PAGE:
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Iran nuclear pact a good deal, says Obama

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By NewsGram Staff Writer

US President Barack Obama on Monday defended the agreement reached with Iran over its controversial nuclear programme, saying he has not heard a single valid argument against the historic deal.

“I’ve not yet heard a factual argument on the other side that holds up to scrutiny,” the president said.

In a joint press conference with Ethiopian Prime Minister Hailemariam Desalegn in Addis Ababa, Obama said the pact signed between Iran and the P5+1 to prevent Tehran from developing nuclear weapons was “a good deal”.

Obama also took the opportunity to comment on remarks made by Republican presidential candidate Mike Huckabee, who branded the agreement “feckless” and “idiotic”.

“The particular comments of Mr. Huckabee are part of just a general pattern we have seen that would be considered ridiculous if it were not so sad,” the president said.

Obama said: “There is a reason why 99 percent of the world thinks it’s a good deal. It’s because it’s a good deal.”

(With inputs from IANS)

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Iran-based Hackers Steal Data From Citrix

"Citrix deeply regrets the impact this incident may have on affected customers,"

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Iran-based hackers have stolen terabytes of data from desktop virtualisation leader Citrix, with the company admitting that the cyber criminals may have accessed and downloaded business documents.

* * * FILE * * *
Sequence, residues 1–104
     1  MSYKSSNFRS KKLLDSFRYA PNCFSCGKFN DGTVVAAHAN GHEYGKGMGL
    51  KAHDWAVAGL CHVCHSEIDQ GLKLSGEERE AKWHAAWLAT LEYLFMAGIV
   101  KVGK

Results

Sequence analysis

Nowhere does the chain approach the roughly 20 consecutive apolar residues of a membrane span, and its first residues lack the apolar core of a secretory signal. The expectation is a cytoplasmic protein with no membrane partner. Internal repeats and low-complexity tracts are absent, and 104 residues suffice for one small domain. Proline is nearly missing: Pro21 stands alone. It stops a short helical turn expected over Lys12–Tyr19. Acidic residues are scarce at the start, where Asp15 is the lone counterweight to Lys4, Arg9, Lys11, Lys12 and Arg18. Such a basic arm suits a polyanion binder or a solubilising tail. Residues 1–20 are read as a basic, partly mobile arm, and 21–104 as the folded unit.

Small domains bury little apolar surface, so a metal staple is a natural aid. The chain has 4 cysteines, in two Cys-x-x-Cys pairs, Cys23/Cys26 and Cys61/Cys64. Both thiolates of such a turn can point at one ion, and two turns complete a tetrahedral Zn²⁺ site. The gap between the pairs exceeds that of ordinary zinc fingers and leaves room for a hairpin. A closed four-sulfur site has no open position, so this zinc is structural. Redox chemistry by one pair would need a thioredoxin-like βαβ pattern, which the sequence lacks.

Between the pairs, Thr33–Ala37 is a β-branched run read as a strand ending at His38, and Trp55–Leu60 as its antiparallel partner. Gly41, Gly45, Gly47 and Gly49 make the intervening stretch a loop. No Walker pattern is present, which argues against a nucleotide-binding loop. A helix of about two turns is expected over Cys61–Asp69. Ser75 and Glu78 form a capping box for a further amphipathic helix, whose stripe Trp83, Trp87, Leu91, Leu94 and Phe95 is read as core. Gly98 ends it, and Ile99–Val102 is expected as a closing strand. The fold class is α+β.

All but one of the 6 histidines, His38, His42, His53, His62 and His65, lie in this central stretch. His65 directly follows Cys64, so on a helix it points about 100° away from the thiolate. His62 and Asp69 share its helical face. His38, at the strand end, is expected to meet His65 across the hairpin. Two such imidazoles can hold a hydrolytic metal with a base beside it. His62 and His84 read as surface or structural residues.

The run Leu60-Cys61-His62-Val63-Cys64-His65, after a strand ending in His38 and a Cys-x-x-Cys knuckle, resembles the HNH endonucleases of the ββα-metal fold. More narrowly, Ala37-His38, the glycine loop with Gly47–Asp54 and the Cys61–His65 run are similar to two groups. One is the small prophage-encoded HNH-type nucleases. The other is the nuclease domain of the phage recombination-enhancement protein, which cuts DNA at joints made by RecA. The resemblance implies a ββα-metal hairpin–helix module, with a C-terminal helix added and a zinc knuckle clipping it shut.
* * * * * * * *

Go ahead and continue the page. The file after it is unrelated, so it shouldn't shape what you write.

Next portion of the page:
“The specific documents that may have been accessed, however, are currently unknown. At this time, there is no indication that the security of any Citrix product or service was compromised,” Citrix Chief Information Security Officer Stan Black said in a blog post.
According to a report in The Registrar on Sunday, the Federal Bureau of Investigation (FBI) last week warned Citrix about the data hack.
According to cyber security firm Resecurity, at least six terabytes of sensitive internal files were stolen by the Iranian-backed IRIDIUM hacker gang.
Cloudhopper, cyberattacks
Alister Shepherd, the director of a subsidiary of the cybersecurity firm FireEye, gestures during a presentation about the APT33 hacking group, which his firm suspects are Iranian government-aligned hackers, in Dubai, United Arab Emirates. VOA
The researchers said they had alerted Citrix as early as December 28 last year about the ongoing attack.
“Citrix has taken action to contain the incident. We commenced a forensic investigation; engaged a leading cyber security firm to assist; took actions to secure our internal network; and continue to cooperate with the FBI,” Black wrote.
The hackers probably used a tactic known as “password spraying”, which exploits weak passwords. Once they gain a foothold with limited access, they worked to circumvent additional layers of security.
“Citrix deeply regrets the impact this incident may have on affected customers,” he said. (IANS)